Book Review: Speak: The Graphic Novel by Laurie Hale Anderson, with Illustrations by Emily Carroll

Speak: The Graphic NovelBook: Speak: The Graphic Novel
Author: Laurie Hale Anderson
Illustrator: Emily Carroll
Published: February 6, 2018
Publisher: Farrar, Straus and Giroux
Number of Pages: 372
Format: Hardcover
Source: Bought
Rating: 3 Stars
Tags: Graphic Novel, YA, Mental Health,
Contemporary
Trigger Warning: Rape, Self Harm

Goodreads/Amazon


Synopsis: "Speak up for yourself-we want to know what you have to say."

From the first moment of her freshman year at Merryweather High, Melinda knows this is a big fat lie, part of the nonsense of high school. She is friendless--an outcast--because she busted an end-of-summer party by calling the cops, so now nobody will talk to her, let alone listen to her. Through her work on an art project, she is finally able to face what really happened that night: She was raped by an upperclassman, a guy who still attends Merryweather and is still a threat to her. 


My Review

I have a confession. I didn't read the original book before this one, in fact, I didn't even know it existed. Whoops? Anyways I went into this with just the synopsis and a quick peak at the artwork inside. And I did enjoy this one, but not as much as I had hoped.

The best part of this book had to be the artwork. Carroll's art fit perfectly with the theme of the book. It was soft when it needed to be, and harsh when it called for it. I especially enjoyed Carroll's use of color, or, lack there of. By using greys and whites for her backgrounds, it really pops when she switched to solid black, and made it very impactful. Carroll has a very memorable art style, and I look forward to exploring more of her work.

While the artwork was wonderful, I felt that the story was lacking. While I did enjoy the story, and understood the basics of it, I felt like it needed more. The story needed more detail, more writing, more, everything. Because I understood what the book was aiming for, but it felt incomplete. I wish that I had read the original version before the graphic novel version; would've made the experience more enjoyable.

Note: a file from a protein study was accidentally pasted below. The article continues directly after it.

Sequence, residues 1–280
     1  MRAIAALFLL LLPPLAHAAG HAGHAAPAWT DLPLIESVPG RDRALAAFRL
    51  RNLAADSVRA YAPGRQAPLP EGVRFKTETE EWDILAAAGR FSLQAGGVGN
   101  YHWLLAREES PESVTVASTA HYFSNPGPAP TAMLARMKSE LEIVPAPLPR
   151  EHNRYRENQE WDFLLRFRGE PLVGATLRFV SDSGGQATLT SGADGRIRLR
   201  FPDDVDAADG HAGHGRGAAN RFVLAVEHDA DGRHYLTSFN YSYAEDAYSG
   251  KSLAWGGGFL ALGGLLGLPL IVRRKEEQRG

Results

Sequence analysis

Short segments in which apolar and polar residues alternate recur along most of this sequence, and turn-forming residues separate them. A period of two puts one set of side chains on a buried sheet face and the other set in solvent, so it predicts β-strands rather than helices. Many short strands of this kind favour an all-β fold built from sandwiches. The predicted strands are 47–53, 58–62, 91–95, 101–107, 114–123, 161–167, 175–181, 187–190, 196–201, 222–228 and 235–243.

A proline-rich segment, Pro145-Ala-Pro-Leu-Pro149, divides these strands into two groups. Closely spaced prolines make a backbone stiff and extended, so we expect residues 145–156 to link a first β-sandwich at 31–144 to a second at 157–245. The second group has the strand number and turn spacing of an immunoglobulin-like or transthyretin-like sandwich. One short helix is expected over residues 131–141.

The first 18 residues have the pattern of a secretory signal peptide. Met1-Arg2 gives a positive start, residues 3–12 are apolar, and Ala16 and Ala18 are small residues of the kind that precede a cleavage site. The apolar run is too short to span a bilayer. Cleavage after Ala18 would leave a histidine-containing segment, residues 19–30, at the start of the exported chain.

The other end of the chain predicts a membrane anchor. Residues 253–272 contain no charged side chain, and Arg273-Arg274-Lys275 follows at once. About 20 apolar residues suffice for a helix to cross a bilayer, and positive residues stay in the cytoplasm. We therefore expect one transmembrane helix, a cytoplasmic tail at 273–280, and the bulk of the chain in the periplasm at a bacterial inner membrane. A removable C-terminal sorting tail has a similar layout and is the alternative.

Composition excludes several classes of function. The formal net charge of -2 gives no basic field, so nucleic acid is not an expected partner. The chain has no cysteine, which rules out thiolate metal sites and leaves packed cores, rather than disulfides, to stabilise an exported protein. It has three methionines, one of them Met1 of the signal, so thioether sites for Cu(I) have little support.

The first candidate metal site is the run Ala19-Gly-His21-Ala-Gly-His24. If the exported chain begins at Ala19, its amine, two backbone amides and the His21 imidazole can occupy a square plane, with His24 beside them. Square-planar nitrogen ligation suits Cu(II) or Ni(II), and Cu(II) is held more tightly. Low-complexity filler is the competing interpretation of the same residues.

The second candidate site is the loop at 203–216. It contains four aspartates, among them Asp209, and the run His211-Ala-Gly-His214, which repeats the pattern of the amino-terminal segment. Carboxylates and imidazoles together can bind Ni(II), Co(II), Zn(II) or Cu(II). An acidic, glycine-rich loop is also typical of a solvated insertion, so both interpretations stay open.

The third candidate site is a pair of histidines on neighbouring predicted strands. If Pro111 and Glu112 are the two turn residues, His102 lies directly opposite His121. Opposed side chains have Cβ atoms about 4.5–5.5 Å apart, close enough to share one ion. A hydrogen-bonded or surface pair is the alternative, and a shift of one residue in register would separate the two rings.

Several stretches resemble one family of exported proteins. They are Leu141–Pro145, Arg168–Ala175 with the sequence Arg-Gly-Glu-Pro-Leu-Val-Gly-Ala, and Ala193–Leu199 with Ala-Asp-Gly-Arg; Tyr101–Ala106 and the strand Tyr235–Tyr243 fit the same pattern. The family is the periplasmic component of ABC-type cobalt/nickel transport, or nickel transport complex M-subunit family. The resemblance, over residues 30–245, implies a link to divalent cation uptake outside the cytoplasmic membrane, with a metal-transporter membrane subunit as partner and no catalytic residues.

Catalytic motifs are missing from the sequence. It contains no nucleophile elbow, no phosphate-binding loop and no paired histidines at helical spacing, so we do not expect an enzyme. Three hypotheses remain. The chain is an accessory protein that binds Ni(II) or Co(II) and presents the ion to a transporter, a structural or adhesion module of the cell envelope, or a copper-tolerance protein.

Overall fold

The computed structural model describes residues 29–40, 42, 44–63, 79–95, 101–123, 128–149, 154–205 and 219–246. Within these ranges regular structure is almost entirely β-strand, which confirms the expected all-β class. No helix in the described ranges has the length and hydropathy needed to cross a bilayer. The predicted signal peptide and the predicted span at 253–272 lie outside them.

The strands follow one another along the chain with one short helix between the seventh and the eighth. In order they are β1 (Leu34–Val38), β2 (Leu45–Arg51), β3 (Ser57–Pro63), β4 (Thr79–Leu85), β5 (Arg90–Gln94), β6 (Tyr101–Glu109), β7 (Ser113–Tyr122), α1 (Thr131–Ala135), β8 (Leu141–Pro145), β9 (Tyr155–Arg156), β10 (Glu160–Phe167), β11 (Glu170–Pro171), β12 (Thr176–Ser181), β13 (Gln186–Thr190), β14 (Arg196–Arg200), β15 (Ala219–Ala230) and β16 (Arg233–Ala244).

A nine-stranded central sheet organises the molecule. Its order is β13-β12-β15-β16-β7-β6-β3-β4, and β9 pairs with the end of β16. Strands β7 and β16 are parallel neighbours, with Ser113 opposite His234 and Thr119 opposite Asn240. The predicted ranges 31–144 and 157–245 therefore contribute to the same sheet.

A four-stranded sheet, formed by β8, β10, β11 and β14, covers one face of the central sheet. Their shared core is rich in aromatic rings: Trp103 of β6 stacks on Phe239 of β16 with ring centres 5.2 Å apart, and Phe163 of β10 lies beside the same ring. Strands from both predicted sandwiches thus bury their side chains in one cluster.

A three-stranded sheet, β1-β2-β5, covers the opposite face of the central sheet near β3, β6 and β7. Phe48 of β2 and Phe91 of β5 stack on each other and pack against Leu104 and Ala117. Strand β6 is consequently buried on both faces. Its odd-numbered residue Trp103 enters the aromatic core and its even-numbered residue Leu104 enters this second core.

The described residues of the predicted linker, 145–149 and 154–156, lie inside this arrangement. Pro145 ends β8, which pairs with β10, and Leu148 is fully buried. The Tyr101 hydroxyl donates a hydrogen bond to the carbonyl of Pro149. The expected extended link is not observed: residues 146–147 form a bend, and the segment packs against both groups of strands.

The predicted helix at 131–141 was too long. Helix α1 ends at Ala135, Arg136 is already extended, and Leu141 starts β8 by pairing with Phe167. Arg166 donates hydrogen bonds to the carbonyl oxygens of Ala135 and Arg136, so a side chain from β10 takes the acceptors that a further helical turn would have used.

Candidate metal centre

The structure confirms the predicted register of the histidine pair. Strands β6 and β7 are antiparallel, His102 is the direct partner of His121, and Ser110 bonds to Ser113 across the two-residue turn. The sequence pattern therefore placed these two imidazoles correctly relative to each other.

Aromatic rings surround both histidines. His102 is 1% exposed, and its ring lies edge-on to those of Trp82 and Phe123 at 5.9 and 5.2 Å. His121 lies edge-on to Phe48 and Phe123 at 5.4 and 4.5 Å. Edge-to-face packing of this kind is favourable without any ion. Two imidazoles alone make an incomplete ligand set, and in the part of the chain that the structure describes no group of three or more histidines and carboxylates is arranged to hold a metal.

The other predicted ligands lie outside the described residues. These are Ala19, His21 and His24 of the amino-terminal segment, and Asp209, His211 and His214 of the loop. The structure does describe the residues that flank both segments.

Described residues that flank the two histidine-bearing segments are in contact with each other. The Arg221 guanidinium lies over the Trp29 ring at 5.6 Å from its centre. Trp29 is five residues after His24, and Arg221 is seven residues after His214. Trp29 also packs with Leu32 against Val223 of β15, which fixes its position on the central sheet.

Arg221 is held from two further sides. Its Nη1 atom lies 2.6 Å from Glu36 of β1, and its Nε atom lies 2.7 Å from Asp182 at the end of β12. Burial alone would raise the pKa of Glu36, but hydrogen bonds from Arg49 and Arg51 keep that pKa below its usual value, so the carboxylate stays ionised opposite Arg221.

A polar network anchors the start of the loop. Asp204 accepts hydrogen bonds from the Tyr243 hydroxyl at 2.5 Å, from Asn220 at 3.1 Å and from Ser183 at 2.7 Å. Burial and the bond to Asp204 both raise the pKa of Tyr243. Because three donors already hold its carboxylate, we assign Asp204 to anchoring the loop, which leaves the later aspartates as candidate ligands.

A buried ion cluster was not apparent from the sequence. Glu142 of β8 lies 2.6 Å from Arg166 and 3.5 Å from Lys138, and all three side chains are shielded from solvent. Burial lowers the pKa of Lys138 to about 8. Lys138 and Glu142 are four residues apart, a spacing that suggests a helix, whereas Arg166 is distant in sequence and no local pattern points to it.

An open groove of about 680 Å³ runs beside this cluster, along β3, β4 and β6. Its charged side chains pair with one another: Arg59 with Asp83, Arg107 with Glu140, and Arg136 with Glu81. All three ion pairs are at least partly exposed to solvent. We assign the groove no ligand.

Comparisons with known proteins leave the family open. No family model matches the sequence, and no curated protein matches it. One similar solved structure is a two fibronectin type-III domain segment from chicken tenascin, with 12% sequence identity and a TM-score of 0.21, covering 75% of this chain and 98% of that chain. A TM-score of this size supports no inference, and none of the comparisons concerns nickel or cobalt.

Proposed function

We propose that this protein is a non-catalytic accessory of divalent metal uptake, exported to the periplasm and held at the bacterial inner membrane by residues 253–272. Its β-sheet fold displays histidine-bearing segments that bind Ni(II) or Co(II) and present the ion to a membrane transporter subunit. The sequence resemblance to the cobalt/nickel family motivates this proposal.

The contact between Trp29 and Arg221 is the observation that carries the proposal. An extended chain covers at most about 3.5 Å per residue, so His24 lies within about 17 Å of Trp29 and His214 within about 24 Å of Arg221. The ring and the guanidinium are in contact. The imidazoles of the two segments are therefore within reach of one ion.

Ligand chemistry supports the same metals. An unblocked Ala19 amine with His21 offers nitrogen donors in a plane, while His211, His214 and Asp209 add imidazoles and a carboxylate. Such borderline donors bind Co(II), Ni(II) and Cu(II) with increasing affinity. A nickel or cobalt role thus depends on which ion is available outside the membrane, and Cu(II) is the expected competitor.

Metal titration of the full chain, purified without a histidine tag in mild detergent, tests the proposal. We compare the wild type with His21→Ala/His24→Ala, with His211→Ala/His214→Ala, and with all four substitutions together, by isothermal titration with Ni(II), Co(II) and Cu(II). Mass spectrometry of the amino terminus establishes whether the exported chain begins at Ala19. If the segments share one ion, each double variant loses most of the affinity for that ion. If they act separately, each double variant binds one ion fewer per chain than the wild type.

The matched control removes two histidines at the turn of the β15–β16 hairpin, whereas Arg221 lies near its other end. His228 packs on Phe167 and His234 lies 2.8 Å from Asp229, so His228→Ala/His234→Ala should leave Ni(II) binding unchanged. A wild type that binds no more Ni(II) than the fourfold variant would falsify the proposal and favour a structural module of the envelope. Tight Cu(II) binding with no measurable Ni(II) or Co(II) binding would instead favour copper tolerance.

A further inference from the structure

I did really enjoy seeing and reading about Melinda. I was able to connect with her in certain ways, and not in others. The way she though, some her actions, especially the views she had regarding her family. It was really interesting, actually; I had never seen anyone describe what she wanted with her family the way that she had. Besides for me of course. Melinda was a resilient character. It may not have seemed like it, but she really was. Another reason why I think that this story would be better as a full novel; we would've gotten to see more of Melinda. More of her bravery.

So overall this was an okay graphic novel. While the artwork was stunning, I felt that the story was lacking. I would recommend giving this one a read after reading the novel first. Or if you just want a quick overview of the story, while being able to look at some great art, this one might just be for you.  

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Comments

  1. Aw bummer this was a little disappointing. Sounds like the plot almost has a 13 reasons Why vibe (or maybe not but it occurred to me reading the synopsis) especially with the upperclassmen guy thing. The book is probably pretty good. I do think GN's sometimes have trouble adapting books- but at least the art was good. Sounds like that part kinda worked.

    Nice review!

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    1. Yes, the art part did work, but I'm gonna have to read the novel if I want to get the full story which was kind of disappointing. Thanks for stopping by! :)

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  2. Love graphic novels. Sorry that the story was lacking for you. Usually with graphic novel adaptations, the story is abridged. At least it will make you read the original though. :)

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  3. I never knew that there was a graphic novel to speak! I definitely want to check it out! I knew about the novel, but had yet to read it. Damn the ever-growing TBR haha

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    1. CAT!!!! I FOUND YOUR COMMENT!! HIIIIIIIIIIIII! :D

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  4. I am sorry this one wasn't better for you. I read the full length novel and loved it. It really hit home for me. I hadn't even realized it was made into a graphic novel. I think I'll skip it.

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  5. I loved the book, too bad you weren't too impressed with the graphic novel.

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  6. It's interesting to see the perspective of someone who hasn't read the original book for something like this. In theory, the GN should stand on its own, but this one sounds like it misses the mark.

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